Sarah Harrelson: What is your current state of mind?
Gia Coppola: My current state of mind is always a bit spacey and distracted by thinking about stuff that I want to and should be doing, like sitting down and reading a book or watching a movie.
SH: Or making a movie?
GC: Watching a movie or making a movie. Though the latter is a little bit of a rougher experience. My film out now is called Mainstream. It’s a satirical fairytale about my fascination for what our culture values, and how technology is shifting storytelling to social media and the Internet, for the better and the worse.
SH: What’s the greatest thrill of directing? And then I’m going to ask, what’s the greatest challenge?
GC: Well, they feel hand-in-hand. I love it, but it’s so extremely torturous at the same time. Someone once said it’s like getting punched in the face over and over again and smiling and saying, “I love it, do it again.” But it’s just the way I get to know myself and know the world and learn. And it’s a collaborative medium, which I really like as well.
SH: What do you think has been your biggest challenge or obstacle so far?
GC: Fear and insecurity. Trusting myself and learning to make things from myself, as opposed to worrying about other people. You tell yourself you’re doing that, but it’s still hard to quiet the voices.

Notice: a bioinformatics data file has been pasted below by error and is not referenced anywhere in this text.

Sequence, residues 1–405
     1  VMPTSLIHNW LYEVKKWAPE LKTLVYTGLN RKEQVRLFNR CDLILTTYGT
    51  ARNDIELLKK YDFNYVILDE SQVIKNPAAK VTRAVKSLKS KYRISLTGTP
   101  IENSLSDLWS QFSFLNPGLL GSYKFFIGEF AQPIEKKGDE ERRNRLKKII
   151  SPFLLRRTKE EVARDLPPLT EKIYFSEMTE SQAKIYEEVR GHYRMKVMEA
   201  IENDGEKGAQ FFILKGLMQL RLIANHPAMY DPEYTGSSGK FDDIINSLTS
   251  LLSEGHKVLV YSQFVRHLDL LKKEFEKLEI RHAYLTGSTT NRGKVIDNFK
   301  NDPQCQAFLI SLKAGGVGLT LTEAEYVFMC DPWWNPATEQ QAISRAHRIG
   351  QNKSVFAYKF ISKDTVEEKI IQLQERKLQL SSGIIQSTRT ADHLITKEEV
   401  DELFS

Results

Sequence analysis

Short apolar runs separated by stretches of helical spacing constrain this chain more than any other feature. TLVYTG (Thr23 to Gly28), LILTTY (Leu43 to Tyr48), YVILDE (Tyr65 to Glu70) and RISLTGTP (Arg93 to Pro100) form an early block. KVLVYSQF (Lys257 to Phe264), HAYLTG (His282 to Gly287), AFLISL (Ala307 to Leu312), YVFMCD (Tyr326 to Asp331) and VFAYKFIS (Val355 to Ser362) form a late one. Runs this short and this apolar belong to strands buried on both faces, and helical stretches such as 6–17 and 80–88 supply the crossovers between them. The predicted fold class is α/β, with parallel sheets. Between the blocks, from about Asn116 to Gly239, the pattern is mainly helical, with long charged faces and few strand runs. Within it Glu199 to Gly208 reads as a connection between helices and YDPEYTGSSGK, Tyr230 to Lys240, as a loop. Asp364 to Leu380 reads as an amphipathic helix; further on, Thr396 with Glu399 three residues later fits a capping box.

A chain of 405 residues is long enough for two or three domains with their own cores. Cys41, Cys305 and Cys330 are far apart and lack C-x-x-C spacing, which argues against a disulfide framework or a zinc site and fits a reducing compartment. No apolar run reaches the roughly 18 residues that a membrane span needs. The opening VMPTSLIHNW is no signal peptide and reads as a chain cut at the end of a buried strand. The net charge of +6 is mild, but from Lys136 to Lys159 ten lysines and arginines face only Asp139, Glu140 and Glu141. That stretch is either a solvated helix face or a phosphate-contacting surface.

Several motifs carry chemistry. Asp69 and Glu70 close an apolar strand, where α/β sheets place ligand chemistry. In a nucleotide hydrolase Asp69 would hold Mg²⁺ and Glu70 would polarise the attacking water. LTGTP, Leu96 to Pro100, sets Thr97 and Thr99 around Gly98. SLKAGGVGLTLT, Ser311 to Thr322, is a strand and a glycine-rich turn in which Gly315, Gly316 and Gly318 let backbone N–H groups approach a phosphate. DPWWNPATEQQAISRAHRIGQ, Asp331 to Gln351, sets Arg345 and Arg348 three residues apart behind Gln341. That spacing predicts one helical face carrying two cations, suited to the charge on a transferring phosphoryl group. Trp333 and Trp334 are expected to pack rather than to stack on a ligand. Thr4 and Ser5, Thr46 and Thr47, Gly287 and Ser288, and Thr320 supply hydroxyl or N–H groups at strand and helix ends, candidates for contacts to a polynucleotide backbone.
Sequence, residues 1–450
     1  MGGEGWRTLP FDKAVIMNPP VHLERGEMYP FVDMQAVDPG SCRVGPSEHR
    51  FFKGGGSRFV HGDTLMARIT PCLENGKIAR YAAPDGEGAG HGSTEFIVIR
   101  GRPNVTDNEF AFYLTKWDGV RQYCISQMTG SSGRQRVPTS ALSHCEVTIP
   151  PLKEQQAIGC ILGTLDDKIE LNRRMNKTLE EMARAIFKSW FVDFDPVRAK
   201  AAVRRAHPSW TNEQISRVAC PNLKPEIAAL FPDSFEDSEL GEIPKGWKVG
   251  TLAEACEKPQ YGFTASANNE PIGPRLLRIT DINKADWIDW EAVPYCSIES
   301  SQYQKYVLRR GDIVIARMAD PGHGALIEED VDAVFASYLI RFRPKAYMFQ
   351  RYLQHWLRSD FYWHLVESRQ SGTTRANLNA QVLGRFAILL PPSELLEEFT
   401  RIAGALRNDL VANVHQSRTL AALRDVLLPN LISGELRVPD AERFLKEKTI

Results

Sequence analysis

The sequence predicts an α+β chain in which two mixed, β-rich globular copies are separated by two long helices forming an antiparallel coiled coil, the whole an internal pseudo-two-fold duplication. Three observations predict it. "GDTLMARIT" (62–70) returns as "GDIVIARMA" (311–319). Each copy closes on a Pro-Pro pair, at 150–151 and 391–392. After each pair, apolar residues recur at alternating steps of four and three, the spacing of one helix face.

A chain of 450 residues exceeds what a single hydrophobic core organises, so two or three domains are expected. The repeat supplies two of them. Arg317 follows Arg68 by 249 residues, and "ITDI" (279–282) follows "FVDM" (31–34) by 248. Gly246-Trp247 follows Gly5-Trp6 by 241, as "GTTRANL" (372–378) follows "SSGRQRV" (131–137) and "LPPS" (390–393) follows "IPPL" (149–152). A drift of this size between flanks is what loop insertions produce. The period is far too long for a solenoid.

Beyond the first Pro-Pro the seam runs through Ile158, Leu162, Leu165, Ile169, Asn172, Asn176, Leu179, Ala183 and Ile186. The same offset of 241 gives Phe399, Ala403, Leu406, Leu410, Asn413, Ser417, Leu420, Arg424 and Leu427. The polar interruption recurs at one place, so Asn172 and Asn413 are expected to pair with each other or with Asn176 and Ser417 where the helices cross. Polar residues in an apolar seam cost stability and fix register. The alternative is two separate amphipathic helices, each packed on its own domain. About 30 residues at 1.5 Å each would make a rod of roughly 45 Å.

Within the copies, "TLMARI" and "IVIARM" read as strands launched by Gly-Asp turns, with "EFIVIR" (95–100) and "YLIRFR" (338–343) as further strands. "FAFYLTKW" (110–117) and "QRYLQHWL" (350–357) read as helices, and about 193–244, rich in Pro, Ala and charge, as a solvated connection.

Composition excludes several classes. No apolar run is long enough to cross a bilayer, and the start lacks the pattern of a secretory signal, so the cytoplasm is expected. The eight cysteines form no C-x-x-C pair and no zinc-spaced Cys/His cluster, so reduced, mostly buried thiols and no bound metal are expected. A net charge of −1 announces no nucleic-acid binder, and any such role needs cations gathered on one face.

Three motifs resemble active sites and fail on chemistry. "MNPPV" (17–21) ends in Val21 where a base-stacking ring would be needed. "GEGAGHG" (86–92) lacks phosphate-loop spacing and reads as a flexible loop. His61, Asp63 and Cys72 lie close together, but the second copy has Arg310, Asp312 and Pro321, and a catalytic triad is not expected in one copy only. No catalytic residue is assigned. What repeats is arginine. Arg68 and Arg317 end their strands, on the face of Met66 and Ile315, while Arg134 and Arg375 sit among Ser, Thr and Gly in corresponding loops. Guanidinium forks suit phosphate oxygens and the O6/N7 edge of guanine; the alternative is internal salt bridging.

SH: Do you have any rituals before you get into the right mood for directing?
GC: I like to get up early to have time, decompress. A family tradition is, before the first day of your shoot, you gather hands with every department and you say, “Puwaba,” three times. I don’t know what that word means, but it’s supposed to grant safety and good luck for your project.
SH: What’s the best advice you’ve ever received from a family member?
GC: Everyone thinks they can do your job better than you, but they can’t. Trust your own instincts.
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